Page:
(RxWiki News) If you take irbesartan or a product containing irbesartan, you may have a recalled and potentially dangerous medication in your medicine cabinet, according to the US Food and Drug Administration (FDA).
The FDA is notifying patients about a voluntary recall of several irbesartan-containing products. Irbesartan, an angiotensin II receptor blocker (ARB), is a common medication used to treat high blood pressure.
This recall is due to an impurity called N-nitrosodiethylamine (NDEA) in some products that contain irbesartan. NDEA appears to cause cancer in animals and is suspected to cause cancer in humans, according to lab tests.
Not all irbesartan-containing products are being recalled.
In this case, some lots of ScieGen’s irbesartan and one lot of Sandoz's losartan potassium and hydrochlorothiazide are being recalled. Speak with your pharmacist to determine whether your medication is included in this recall.
The medications being recalled are the following:
- ScieGen Pharmaceuticals' irbesartan tablets labeled as Westminster Pharmaceuticals or Golden State Medical Supply, Inc. (GSMS).
- Sandoz's losartan potassium/hydrochlorothiazide (100 mg/25 mg) tablets; NDC 0781-5207-10; Lot #: JB8912; Exp. Date 06/2020.
Furthermore, Aurobindo Pharma Limited issued a voluntary recall of irbesartan drug substance due to the detection of trace amounts of NDEA.
A few months ago, the FDA notified the public of a voluntary recall of several valsartan-containing products from several drug companies. For more information about this recall, read Check Your Medicine: Blood Pressure Rx Recalled.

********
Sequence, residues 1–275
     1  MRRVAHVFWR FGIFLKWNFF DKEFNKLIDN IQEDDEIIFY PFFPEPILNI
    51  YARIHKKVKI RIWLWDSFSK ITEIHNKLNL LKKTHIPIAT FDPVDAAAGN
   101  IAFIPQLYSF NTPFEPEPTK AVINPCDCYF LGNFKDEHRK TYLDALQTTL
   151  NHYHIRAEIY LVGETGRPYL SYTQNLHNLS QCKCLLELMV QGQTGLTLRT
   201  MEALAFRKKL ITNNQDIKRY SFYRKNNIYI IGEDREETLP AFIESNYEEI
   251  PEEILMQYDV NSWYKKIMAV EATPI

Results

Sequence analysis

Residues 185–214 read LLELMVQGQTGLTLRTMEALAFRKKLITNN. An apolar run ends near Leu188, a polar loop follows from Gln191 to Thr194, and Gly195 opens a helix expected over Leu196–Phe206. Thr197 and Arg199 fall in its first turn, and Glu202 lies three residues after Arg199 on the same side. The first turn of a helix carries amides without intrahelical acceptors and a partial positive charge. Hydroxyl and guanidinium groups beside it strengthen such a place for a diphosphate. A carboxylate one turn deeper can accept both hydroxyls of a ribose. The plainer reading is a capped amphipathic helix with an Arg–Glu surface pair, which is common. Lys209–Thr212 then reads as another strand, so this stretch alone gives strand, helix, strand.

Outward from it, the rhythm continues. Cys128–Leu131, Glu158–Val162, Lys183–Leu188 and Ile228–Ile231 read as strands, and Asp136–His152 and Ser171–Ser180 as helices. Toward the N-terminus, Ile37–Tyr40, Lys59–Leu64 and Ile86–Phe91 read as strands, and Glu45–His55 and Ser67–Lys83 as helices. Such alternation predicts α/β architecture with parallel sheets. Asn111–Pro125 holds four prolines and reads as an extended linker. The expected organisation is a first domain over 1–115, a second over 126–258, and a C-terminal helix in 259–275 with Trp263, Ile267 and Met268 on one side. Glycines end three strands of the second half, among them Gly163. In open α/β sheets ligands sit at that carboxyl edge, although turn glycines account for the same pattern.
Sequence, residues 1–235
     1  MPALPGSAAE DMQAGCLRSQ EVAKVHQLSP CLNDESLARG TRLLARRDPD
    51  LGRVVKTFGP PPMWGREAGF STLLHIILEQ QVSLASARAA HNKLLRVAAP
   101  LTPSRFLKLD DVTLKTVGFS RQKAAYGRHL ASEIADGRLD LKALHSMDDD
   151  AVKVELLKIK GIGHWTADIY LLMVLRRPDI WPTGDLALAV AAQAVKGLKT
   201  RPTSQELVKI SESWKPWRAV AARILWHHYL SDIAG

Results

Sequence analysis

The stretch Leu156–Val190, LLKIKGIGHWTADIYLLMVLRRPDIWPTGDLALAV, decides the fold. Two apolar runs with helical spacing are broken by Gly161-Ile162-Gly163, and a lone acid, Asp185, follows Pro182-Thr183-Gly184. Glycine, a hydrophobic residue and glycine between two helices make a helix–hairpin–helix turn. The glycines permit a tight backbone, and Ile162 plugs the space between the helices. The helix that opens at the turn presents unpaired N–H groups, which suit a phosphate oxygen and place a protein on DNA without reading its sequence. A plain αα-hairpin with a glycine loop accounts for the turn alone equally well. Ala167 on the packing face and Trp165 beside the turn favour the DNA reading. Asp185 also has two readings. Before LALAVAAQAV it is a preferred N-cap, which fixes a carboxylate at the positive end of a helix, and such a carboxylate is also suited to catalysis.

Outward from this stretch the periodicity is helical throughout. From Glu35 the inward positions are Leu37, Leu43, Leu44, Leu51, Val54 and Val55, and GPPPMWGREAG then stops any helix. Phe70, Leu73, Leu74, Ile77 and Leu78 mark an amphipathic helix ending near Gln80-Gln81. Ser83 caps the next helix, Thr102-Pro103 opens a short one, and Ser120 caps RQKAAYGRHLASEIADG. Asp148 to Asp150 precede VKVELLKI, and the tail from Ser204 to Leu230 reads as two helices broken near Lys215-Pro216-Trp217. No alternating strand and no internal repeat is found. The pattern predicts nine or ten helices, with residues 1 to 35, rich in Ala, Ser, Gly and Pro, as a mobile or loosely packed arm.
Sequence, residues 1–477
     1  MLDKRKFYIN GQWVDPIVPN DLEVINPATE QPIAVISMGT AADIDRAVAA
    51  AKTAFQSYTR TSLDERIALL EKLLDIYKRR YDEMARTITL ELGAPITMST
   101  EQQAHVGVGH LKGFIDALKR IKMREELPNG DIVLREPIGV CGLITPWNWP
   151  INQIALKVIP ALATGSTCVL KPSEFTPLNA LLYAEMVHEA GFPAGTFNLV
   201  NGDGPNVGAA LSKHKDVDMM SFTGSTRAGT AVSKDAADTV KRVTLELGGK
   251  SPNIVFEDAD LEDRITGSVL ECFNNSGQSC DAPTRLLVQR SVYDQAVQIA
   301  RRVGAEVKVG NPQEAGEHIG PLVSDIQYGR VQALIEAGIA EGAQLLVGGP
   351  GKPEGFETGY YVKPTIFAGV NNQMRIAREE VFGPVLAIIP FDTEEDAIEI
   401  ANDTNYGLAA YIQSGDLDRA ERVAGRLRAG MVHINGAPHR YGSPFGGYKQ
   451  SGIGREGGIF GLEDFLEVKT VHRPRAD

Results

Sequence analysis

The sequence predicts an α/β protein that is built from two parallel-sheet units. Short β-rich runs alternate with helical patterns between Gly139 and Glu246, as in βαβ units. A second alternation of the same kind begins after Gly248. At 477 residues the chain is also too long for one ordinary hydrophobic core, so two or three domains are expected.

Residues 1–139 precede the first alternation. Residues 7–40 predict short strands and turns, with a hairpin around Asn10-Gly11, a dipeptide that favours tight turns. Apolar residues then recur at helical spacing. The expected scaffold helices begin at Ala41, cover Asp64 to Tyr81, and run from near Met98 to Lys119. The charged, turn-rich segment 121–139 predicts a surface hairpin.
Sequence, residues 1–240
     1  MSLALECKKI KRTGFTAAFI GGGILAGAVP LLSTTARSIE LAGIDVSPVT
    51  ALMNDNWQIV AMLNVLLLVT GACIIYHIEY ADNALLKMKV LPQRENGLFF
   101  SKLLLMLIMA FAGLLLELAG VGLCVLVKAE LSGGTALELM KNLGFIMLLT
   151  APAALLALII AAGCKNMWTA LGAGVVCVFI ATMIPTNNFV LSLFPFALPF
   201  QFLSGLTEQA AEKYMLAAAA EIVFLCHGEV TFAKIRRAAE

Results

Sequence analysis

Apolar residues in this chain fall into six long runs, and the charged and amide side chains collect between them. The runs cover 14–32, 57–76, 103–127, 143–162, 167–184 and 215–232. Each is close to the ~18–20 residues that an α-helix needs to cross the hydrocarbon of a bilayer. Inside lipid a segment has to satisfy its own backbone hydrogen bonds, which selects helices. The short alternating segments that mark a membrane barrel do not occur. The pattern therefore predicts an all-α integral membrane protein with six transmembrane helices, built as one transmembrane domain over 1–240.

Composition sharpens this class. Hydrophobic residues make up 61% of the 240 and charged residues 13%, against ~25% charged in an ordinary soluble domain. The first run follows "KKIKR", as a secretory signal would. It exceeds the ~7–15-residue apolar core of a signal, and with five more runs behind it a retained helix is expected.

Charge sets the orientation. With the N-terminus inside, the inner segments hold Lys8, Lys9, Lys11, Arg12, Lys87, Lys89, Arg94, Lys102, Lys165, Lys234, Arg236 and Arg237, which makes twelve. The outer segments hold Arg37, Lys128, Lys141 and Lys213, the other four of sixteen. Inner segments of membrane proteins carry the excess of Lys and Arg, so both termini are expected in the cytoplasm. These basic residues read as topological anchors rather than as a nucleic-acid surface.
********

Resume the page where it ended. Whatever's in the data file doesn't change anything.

To keep yourself safe during this medication recall, the FDA recommended the following steps:
- Look for the drug name and the company that made the medication on your medication bottle. If you cannot find this information, contact the pharmacy that filled your prescription.
- Continue taking your medication until your health care provider provides an alternative treatment option or your pharmacist provides a replacement. Irbesartan treats high blood pressure, which is a serious medical condition. Stopping the medication could be dangerous.
- If your medication was recalled, follow the exact recall instructions for the specific company, which can be found on the FDA’s website. In addition, contact the pharmacy that dispensed your medication to discuss next steps, including switching to a product that has not been recalled.
The FDA said it will continue to investigate this problem and provide more information as it becomes available.
Written By Anyssa Garza, PharmD, BCMAS